With Planet and the Future on the Line, Sunrise Movement Doubles Down on 2020 After RBG’s Death

The Sunrise Movement aims to reach more than one million young voters in swing states (Image: Sunrise Movement) 

By Julia Conley | Common Dreams

The Sunrise Movement on Monday launched a new swing state mobilization campaign, aiming to lead the way as Democrats fight to get out the vote among young Americans, pressure Republican senators to delay a vote on a new U.S. Supreme Court justice and flip the Senate and the White House on November 3.

The climate action advocacy group began its new effort before the sun rose on Monday morning, with more than 100 organizers assembling outside the homes of Sens. Lindsey Graham (R-S.C.) and Thom Tillis (R-N.C.). Both senators face tight re-election races and pressure to live up to their earlier statements in which they said a Supreme Court justice should not be nominated close to a presidential election.

The Sunrise Movement rebuked Tillis on social media for calling the police on the peaceful protesters and fleeing his home as the organizers chanted, “Shame!”

Young voters like the ones who took part in the early morning protest, Sunrise says, are the key to removing Republicans like Tillis, Graham, Sen. Cory Gardner (R-Colo.), and others from office in November. The group says strategic grassroots pressure will also be critical to ensure the winner of the presidential election is able to nominate a new Supreme Court justice following the death of Justice Ruth Bader Ginsburg on Friday.

“Our generation’s demands for a more just and equitable future will be upheld or struck down by sitting justices—everything from abortion to segregation, transgender rights to climate change, big money in politics to same-sex marriage.”
—Aracely Jimenez, Sunrise Movement

“We have one mission right now: to delay, delay, delay,” wrote the Sunrise Movement on Friday as it launched a call-in tool for young voters to pressure their senators to oppose Senate Majority Leader Mitch McConnell’s plan to hold a confirmation vote before November. “McConnell has made his move. He already put out a statement saying that he’ll bring a Trump nominee to vote in the Senate.”

“But his colleagues are already starting to break from him, and if we can pressure each senator to uphold the precedent that McConnell himself set—to not appoint a Supreme Court nominee in a presidential election year—we have a good chance at delaying this vote until we elect Joe Biden and keep Trump from appointing another nominee,” the group said.

Following Sens. Susan Collins (R-Maine) and Lisa Murkowski’s (R-Alaska) statements opposing a pre-election vote—but not ruling out a confirmation in a potential lame-duck session—the Sunrise Movement aims to pressure at least two more Republicans from backing McConnell’s plan.

The group will target Sen. Pat Toomey (R-Pa.) on Tuesday and Gardner as well as Sen. Ron Johnson (R-Wisc.) on Wednesday. Sunrise will also hold a direct action on Wednesday targeting federal judge Barbara Lagoa, who is believed to be at the top of President Donald Trump’s shortlist of potential Supreme Court nominees.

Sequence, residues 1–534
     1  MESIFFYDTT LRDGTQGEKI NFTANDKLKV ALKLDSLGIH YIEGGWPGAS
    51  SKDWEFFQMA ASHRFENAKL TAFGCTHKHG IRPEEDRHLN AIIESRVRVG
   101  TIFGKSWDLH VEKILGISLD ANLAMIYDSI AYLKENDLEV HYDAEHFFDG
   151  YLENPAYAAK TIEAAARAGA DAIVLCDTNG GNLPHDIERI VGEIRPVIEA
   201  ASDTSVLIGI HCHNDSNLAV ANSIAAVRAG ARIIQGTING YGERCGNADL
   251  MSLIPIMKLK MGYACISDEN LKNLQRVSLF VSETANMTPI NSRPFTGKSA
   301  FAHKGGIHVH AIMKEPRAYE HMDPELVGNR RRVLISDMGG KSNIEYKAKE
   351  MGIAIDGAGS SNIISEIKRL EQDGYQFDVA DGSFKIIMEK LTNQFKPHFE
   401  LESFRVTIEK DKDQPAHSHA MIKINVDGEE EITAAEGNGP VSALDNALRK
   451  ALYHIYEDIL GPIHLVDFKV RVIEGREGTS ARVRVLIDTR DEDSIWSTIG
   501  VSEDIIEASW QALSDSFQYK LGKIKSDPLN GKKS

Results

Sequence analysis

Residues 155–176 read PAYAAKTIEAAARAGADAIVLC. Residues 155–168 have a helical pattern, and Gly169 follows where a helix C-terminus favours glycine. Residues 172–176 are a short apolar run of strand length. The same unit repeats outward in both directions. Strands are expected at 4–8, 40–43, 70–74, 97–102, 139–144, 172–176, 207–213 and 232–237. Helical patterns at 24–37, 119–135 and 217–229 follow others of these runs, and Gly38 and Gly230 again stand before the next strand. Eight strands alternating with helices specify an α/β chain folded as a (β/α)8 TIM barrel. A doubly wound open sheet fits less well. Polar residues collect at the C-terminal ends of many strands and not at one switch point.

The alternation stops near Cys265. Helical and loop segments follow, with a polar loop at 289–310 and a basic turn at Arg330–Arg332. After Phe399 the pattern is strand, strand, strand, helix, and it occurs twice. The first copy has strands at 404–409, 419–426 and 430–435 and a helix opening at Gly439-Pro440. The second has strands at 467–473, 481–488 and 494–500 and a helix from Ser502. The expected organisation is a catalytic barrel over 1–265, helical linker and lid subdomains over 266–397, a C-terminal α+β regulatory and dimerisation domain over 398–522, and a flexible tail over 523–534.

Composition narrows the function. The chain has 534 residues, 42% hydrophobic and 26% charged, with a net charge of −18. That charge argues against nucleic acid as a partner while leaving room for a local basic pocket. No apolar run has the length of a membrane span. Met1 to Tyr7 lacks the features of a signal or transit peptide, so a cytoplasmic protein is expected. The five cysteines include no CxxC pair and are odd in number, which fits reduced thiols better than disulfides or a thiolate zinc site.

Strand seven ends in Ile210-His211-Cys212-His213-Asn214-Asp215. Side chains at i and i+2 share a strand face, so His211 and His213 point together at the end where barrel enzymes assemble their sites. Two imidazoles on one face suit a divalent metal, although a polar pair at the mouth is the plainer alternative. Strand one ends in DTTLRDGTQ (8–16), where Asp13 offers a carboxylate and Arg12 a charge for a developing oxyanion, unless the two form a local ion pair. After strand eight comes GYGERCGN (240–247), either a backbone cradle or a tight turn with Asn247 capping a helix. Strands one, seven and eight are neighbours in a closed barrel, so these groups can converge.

The appointment of another conservative Supreme Court justice by Trump, Mark Joseph Stern wrote at Slate on Saturday, “would be a catastrophe for the climate.”

Federal Judge Amy Coney Barrett, another judge believed to be a top contender for Ginsburg’s seat, “may well overrule the landmark 5–4 decision, long despised by conservatives, that compels the federal government to regulate carbon emissions,” Stern wrote. “Even if Congress passes new legislation to curb greenhouse gas emissions, the court’s conservative supermajority may strike it down, much as the Republican-appointed justices blocked the Clean Power Plan in 2016.”

The Sunrise Movement said Monday it is committed to doing “everything in our power to hold vulnerable Republicans and also Senate Democrats accountable in order to prevent an appointment to the bench before Biden is sworn in.”

“Our generation’s demands for a more just and equitable future will be upheld or struck down by sitting justices—everything from abortion to segregation, transgender rights to climate change, big money in politics to same-sex marriage,” said Aracely Jimenez, deputy communications director at Sunrise. “We only need four Republicans to do the right thing and stick to the McConnell precedent.”

Over the next 43 days, the group plans to reach millions of young voters in swing states including Michigan, North Carolina, Wisconsin, and Pennsylvania.

An earlier goal to send 100,000 postcards to young voters urging them to vote was shattered within one day; the Sunrise Movement now plans to send one million postcards to key voters. The group will also send more than a million texts, call 500,000 voters through phone banking campaigns, and reach 100,000 people through targeted ads.

On social media, following progressive leaders like Rep. Alexandria Ocasio-Cortez (D-N.Y.) and U.S. House candidate Cori Bush, the group urged young voters to develop a plan to vote before ballots are counted on November 3.

“This moment is a critical opportunity—not only to activate every young voter in swing states but also to catapult emergent Green New Deal champions running for Senate into the spotlight and secure upsets in red states,” Michelle Weindling, Sunrise’s electoral campaigns coordinator said.

“Over the next seven weeks, we’re going all-in for underdog champions like Marquita Bradshaw in Tennessee, Paula Jean Swearengin in West Virginia, and tight races like Mark Kelly’s in Arizona,” she added. ‘With the Supreme Court in freefall, there’s no telling what kind of wins we can get in states that were once deemed untouchable.”

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Fueled by ‘Eco-Anxiety,’ Majority in US Believe Climate Crisis Most Crucial Issue Facing Society: Poll